Loan Shark Definition – What Can Happen When You Swim With Sharks

What Is a Loan Shark? 

loan sharkA loan shark is a person or an entity that loans money at extremely high-interest rates.  They often use threats of violence to collect debts. The interest rates are generally well above an established legal rate.  And, often loan sharks are members of organized crime groups.

Loan sharks charge borrowers interest usually far above any established legal rate.  You should avoid them.  Even in a serious cash crunch, there are safer alternatives.

How a Loan Shark Works 

A loan shark can be a person or an organized network offering to provide loans at high-interest rates. They may be found in poor neighborhoods, on the internet, or through personal acquaintances. Their funds are usually from unidentified, private sources.  They work for personal businesses or unregistered entities.

Loan sharks do not require background checks or credit reports. They will lend large sums of money with the intention of gaining high levels of interest in a short time. Loans from loan sharks charge interest rates far above any regulated rate. For example, a loan shark might lend $10,000 to a person with the provision that $20,000 be repaid within 30 days. These lenders may also often call on the debt to be repaid at any time.  They often use the threat of violence as a means of forcing repayment. In most cases, dealing with a loan shark is a bad idea.  It is best to seek other alternatives for many reasons:

  • Loan sharks lend money at extremely high-interest rates.
  • They often use threats of violence to collect debts.
  • They can be members of organized crime syndicates.
  • Payday lenders are similar to loan sharks in many ways but operate legally.

Why a Loan Shark is Bad News

Loan sharks will start out appearing professional and helpful.  If you keep up your repayments, they might even stay that way.  However, even if you do, any money you borrow will come at a very high price.  There are many risks attached to borrowing from a loan shark:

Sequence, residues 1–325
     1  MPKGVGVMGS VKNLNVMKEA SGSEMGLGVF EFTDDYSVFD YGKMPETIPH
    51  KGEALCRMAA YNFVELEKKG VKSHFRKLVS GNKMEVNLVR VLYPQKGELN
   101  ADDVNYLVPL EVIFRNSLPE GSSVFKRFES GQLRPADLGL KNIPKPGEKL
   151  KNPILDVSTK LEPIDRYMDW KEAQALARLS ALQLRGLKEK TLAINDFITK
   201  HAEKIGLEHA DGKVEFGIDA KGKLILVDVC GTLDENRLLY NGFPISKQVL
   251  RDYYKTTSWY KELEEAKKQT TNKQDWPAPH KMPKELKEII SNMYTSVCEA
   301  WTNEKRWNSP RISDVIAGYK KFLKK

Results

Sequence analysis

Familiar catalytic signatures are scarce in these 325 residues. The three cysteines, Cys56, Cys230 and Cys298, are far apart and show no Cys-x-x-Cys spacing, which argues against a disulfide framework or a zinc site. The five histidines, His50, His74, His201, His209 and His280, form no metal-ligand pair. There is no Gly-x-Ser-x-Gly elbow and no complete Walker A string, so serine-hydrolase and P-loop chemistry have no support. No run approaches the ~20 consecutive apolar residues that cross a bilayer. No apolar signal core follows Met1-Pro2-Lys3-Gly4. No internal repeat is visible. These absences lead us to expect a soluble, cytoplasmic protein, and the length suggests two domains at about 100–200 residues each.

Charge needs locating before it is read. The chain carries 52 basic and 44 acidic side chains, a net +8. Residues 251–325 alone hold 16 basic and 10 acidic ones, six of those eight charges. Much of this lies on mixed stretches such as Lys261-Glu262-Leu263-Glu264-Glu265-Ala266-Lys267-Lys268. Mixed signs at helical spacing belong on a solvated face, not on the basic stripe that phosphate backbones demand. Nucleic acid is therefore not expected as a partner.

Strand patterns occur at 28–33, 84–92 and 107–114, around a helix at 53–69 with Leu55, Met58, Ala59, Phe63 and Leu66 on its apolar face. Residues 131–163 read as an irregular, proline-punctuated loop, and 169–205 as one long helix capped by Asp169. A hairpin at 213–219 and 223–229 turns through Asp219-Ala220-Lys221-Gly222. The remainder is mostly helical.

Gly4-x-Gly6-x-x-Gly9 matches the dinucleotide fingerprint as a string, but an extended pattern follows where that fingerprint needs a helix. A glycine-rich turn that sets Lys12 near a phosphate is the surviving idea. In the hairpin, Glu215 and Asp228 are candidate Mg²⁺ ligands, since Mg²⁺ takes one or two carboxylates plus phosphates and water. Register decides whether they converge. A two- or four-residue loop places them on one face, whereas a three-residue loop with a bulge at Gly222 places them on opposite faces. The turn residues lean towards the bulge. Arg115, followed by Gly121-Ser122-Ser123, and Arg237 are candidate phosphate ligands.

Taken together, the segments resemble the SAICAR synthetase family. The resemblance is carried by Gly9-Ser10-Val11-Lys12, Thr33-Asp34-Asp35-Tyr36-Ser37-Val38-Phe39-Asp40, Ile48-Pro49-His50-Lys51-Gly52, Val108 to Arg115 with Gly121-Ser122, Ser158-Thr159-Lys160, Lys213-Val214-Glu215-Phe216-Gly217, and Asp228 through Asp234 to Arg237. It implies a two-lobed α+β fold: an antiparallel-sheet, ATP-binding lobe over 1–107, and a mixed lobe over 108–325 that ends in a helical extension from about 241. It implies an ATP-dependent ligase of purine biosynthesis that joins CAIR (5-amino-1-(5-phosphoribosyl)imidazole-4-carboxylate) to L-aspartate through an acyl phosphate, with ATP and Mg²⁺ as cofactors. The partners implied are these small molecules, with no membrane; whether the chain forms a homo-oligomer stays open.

• Insanely High-Interest Rates – You pay far more in interest than you would through any legal borrowing.
  • Threats of Violence – You might be harassed or threatened if you get behind with your repayments.  There have been reports of people being intimidated or attacked
  • Perpetual Cycle – You might be pressured into borrowing more money to repay one loan with another.  As a result, you end up in a spiral of debt that you can never repay.

Loan Shark vs. Payday and Other Alternative Lenders 

Payday lenders are a legal form of high-interest lending offered to borrowers. They are typically registered entities that follow standard credit application procedures.  Most request personal information for a credit check. Payday lenders also require proof of employment and income. Payday lenders usually base the principal offered on a borrower’s income and credit profile.

Some payday lenders may approach the level of loan sharks.  Like loan sharks, payday lenders offer loans at extremely high-interest rates for short periods of time. However, payday loans can be completely legal. Standard usury laws typically dictate the maximum interest rates a lender can charge in each state, ranging up to approximately 45%. But, some payday lenders are granted exceptions, charging annual interest rates of up to 400%. They can offer such high rates because of the special provisions offered by state governments. Loan sharks typically charge rates even higher than the rates charged by payday lenders.

Payday lenders are not known for violent tactics to collect an outstanding debt.  But, they offer short-term rates on payday loans with extremely high-interest costs.  This makes it difficult for a borrower to repay. Generally, payday lenders will follow standard collection procedures if delinquencies occur.  They will report missed payments, and loan defaults to credit bureaus.

There are Alternative Lenders.  Other types of lenders have emerged online to offer individuals and businesses credit alternatives. These lenders offer alternatives compared to traditional loans. Many of these alternative loans will have lower borrowing standards, making credit more affordable for a greater portion of the population. Loan application procedures will generally be similar to standard conventional loans. However, loan applications are usually automated.  Often, these lenders are willing to work with borrowers if conflicts arise. These lenders can offer varying principal amounts and interest rates to a variety of borrowers.

Alternatives to a Loan Shark

There are reputable lenders you can turn to instead of loan sharks.  Even if your income is low, you have a poor credit rating or you only need a small amount for a short while. Check that they are authorized by the FCA, and shop around for the best deal.

Credit unions

Look into borrowing from a credit union.  You will have to become a member and they might ask you to save an amount before you can borrow.  But, they are a good alternative to consider.

Help from the government